p-nitrobenzaldehyde                                                                                         106-108
benzoic acid                                                                                                     122-123
acetylsalicylic acid                                                                                           138-140
4-dimethylaminobenzaldehyde                                                                          73-75
4-hydroxy-3-methoxybenzaldehyde (also known as vanillin)                           81-83
salicylic acid                                                                                                    159-160
p-aminoacetanilide                                                                                          162-163
o-toluic acid                                                                                                     103-105
p-toluic acid                                                                                                     180-182
m-toluic acid                                                                                                    108-110
p-toluic acid                                                                                                     180-182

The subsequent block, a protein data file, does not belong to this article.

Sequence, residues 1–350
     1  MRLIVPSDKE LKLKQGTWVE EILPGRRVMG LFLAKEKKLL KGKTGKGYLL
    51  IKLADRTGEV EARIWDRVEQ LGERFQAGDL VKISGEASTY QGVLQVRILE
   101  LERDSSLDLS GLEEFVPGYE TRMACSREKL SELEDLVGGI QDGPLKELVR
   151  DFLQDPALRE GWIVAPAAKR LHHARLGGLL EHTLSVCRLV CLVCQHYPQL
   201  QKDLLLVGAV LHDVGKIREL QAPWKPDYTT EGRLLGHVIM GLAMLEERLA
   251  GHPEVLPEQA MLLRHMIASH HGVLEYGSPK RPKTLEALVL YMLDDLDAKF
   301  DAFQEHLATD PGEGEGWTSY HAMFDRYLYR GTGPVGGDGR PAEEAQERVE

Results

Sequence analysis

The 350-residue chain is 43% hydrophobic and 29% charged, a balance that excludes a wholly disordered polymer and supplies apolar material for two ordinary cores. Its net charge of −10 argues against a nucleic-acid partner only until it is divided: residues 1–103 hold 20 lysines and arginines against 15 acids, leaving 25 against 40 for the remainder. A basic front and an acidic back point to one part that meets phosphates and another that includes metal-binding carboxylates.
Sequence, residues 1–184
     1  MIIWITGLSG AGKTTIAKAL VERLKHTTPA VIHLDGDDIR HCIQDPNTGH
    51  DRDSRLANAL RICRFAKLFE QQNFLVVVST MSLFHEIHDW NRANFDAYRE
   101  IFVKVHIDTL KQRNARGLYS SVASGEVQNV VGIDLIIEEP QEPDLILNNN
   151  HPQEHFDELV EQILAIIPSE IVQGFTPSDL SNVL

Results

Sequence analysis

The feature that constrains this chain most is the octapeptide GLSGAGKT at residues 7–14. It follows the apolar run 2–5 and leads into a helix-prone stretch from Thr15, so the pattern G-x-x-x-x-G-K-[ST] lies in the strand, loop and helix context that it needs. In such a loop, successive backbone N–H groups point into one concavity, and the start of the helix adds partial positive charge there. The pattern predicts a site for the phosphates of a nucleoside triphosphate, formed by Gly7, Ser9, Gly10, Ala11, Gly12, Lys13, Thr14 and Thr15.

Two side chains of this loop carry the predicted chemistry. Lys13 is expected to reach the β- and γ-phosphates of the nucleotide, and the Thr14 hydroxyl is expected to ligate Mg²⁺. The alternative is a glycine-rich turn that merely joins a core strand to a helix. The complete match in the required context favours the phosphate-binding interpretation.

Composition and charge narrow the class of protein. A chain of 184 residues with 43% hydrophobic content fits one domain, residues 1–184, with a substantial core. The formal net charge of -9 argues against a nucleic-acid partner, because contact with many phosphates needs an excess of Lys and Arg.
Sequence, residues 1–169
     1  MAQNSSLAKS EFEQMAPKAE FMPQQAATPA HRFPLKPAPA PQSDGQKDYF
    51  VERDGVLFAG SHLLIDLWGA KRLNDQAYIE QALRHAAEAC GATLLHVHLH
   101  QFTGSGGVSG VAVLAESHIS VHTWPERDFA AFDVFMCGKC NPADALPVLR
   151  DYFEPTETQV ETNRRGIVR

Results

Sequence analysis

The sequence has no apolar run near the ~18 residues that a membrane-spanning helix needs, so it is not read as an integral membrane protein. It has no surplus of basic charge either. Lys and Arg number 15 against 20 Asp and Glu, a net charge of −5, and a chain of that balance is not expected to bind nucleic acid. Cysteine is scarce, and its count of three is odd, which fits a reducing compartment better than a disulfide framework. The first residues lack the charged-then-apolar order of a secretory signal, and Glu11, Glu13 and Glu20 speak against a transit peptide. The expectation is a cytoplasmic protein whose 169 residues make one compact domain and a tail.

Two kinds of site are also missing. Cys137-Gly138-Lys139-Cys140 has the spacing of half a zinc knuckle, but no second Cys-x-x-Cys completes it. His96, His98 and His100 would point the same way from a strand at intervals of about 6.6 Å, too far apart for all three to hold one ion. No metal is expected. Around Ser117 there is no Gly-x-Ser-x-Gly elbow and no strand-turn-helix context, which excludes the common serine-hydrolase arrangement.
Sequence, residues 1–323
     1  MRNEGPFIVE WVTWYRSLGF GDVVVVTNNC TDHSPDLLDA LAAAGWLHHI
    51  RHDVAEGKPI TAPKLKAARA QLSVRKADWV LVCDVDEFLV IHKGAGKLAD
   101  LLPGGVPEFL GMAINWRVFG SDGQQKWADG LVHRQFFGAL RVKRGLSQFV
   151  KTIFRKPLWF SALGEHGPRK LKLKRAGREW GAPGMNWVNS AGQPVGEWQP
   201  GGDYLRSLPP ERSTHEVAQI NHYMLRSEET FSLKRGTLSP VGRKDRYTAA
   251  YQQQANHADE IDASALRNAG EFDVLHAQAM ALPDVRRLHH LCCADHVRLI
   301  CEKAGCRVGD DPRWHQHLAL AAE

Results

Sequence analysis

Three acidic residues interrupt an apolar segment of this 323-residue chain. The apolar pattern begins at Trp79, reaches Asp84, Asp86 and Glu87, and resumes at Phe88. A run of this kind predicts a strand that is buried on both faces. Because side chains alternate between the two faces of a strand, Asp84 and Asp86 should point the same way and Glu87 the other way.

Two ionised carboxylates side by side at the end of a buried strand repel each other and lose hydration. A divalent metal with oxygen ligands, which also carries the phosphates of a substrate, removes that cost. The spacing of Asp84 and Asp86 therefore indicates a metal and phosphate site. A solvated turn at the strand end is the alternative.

3-nitroaniline                                                                                                   112-114
o-aminobenzoic acid                                                                                       144-148
m-aminobenzoic acid                                                                                      178-180
t-cinnamic acid                                                                                                134-135
o-nitrobenzoic acid                                                                                          146-148
m-nitrobenzoic acid                                                                                         139-141
p-nitrobenzoic acid                                                                                          237-240

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Wednesday, October 31, 2012

Be familiar with your glassware Beaker (Conical flask/ erlenmeyer flask, Glass rod with policeman, Short stem funnel, Watch glass, Filter paper, Activated carbon, Hot plates, Stand and ring support)

Be familiar with your glassware

 Beaker



 











Conical flask/ erlenmeyer flask


 











 Glass rod with policeman

 












 Short stem funnel



 








  

Watch glass



 










Other things you will need for this experiment





Filter paper


 









 Activated carbon
 




 









 Hot plates

 

 








 Stand and ring support